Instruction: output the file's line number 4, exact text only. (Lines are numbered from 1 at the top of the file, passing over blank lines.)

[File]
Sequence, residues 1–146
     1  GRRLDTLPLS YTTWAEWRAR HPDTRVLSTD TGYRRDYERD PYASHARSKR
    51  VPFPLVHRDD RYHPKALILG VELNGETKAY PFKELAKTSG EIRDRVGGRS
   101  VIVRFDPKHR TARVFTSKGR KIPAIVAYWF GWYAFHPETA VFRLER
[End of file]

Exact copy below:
   101  VIVRFDPKHR TARVFTSKGR KIPAIVAYWF GWYAFHPETA VFRLER